ORIGINAL: Gil R.
Actually, Barlow's ratings aren't random -- they're based on this bio:
Maj. Gen. Francis Channing Barlow (b. 1834, d. 1896). A graduate of Harvard, Barlow practiced law in New York prior to the outbreak of the war when he enlisted as a private in the 12th New York. By the Peninsula Campaign, he had risen to the rank of Colonel and was later seriously wounded at Antietam. Appointed a Brigadier General two days after the battle, his brigade was routed by a Stonewall Jackson’s troops at Chancellorsville. He was captured at Gettysburg after being wounded, temporarily paralyzed and left for dead by his own troops. Confederate Brig. Gen. John B. Gordon took care of Barlow until he recovered, at which point Barlow returned to service in the Union Army. One of Barlow's major accomplishments was to lead his troops in a charge of the "Mule Shoe" at Spotsylvania. They succeeded in capturing 3,000 Confederates, 2 generals, 20 guns and 30 regimental colors. Barlow was called one of the "boy generals" because he kept himself clean-shaven, unlike the predominant practice of sporting a beard or mustache. (One Union officer described him as looking "like a highly independent mounted newsboy.") Although he was frail-looking and pale, he was an intense fighter and strict disciplinarian. After the siege of Petersburg, Barlow's heath failed, although he returned to the army to lead a division at Sayler's Creek and Farmville. He was commissioned a major general on May 25, 1865. After the war, Barlow returned to his law practice, was one of the founders of the American Bar Association, and served as New York State attorney general. (Bio by Scott Rowan)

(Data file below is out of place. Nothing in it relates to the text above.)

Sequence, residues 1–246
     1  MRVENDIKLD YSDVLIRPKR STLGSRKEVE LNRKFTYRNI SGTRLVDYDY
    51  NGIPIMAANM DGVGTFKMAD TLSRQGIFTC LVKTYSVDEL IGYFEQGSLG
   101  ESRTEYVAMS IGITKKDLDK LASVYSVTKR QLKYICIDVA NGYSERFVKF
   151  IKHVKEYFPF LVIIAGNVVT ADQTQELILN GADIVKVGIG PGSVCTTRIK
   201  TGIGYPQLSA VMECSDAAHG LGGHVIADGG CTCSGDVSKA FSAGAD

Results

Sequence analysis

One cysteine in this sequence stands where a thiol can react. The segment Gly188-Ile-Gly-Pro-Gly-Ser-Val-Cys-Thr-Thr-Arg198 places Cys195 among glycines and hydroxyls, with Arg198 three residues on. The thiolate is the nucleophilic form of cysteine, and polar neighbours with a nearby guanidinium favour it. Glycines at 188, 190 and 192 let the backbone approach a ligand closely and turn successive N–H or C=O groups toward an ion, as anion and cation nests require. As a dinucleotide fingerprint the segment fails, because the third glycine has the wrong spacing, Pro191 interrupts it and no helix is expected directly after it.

I can't say I know much about him -- why do you think he should be lowered?
While reading "The Warrior Generals" by Thomas B. Buell (no relation to Don Carlos) I have learned a lot about Barlow. One thing is that Barlow's brigade was not routed at Chancelorsville as it had been detached (a second source for this is wikipedia) to another corps. The second is that only Gordon claims in his memoires that he took care of Barlow at Gettysburg, but according to Buell there is no other source for that.
By the way, Gordon seems to have been an interesting fellow. I would like to do his bio.
"War is the field of chance."
Carl von Clausewitz